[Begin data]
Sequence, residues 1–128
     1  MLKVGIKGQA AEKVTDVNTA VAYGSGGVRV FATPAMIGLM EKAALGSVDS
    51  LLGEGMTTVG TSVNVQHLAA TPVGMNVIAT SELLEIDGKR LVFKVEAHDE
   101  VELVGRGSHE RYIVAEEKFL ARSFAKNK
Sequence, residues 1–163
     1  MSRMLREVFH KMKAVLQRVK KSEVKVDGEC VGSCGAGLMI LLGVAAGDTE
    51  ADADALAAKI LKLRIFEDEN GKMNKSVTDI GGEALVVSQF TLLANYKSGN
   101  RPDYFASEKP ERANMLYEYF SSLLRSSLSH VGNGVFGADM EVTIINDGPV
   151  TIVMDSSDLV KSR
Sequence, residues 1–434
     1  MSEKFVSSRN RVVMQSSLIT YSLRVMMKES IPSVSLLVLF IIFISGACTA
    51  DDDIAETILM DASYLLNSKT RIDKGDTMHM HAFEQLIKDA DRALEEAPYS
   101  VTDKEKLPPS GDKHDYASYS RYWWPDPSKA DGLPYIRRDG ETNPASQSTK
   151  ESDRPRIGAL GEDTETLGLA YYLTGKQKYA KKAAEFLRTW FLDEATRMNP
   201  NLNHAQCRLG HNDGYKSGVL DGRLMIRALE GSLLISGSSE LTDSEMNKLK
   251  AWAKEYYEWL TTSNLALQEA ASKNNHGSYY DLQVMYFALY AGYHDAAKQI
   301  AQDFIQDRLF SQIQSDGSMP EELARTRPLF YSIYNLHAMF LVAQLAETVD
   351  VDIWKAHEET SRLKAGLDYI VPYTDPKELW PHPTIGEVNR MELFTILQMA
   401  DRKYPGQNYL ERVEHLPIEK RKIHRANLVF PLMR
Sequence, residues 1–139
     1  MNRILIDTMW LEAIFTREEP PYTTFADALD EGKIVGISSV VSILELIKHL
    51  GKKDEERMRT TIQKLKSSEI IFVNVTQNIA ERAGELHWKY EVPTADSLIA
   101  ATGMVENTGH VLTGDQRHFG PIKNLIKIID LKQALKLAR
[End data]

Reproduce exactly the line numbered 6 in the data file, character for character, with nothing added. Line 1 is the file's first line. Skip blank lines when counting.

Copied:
     1  MSRMLREVFH KMKAVLQRVK KSEVKVDGEC VGSCGAGLMI LLGVAAGDTE